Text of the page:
Winning the Hardware Software Game book Winning the Hardware-Software Game

Using Game Theory to Optimize the Pace of New Technology Adoption

Innovators of new technology systems requiring users to combine both hardware and software components often face delays in adoption of their new systems.  Users will not buy the hardware until enough software or content is available, while at the same time software providers will not provide content until enough users have adopted the new system.  This book examines the dynamics of this adoption process and provides methods for optimizing the pace of adoption of new technology systems.     Read more...

“Intellectual capital can be as ephemeral as the Holy Grail. In Arthurian legend, when Sir Galahad was allowed to gaze directly into the Grail's divine mysteries, he renounced the material world and was borne aloft on angels' wings. That won't do for a business executive, who needs to make intellectual mysteries serve material purposes.”


-- Thomas A. Stewart

Why is network anatomy so important to characterize? Because structure always affects function.

– Steven H. Strogatz

Networks that seek commercial success must develop and maintain the ability not only to change in the face of highly competitive environments, they must also be able to adapt in ways that influence that environment.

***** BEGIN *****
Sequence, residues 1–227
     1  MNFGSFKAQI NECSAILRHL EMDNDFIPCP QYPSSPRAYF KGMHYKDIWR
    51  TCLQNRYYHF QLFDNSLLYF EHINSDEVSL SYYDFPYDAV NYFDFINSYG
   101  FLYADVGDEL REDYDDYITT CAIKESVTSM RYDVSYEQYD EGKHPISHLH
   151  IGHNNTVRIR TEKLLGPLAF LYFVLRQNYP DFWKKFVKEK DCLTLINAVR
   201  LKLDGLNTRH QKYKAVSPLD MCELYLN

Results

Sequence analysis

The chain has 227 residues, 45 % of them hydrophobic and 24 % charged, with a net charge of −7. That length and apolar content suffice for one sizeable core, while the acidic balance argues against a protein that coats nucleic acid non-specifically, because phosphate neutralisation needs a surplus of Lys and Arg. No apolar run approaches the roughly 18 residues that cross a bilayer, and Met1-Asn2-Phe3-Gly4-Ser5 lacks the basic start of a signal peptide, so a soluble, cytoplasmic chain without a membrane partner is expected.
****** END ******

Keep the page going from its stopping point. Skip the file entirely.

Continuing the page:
– Robert Rycroft

“Everyday inventors don’t let themselves be limited like the rest of us do. They open their minds to the possibilities.”

– Rini Paiva, US National Inventors Hall of Fame

Yet the secret of evolution is the continual emergence of complexity. Simplicity brings a spareness, a grit; it cuts the fat. Yet complexity makes organisms like us possible in the first place.

– W. Brian Arthur

Natural selection may explain the survival of the fittest, but it can not explain the arrival of the fittest.

– Hugo De Vries

Recommended Readings
  • Margaret M. Blair and Steven M. H. Wallman, Unseen Wealth: The Report of the Brookings Task Force on Intangibles. Brookings Institution Press, Washington, DC; 2001.
  • Leif Edvinsson and Michael S. Malone, Intellectual Capital: Realizing Your Company's True Value by Finding Its Hidden Brainpower. Harper Business, New York, NY; 1997.
  • Baruch Lev, Intangibles: Management, Measurement, and Reporting. Brookings Institution Press, Washington, DC; 2001.
  • Gordon V. Smith and Russell L. Parr, Valuation of Intellectual Property and Intangible Assets, 3rd Edition. John Wiley & Sons; 2002.
  • Patrick H. Sullivan, Profiting from Intellectual Capital: Extracting Value from Innovation. John Wiley & Sons; 1998.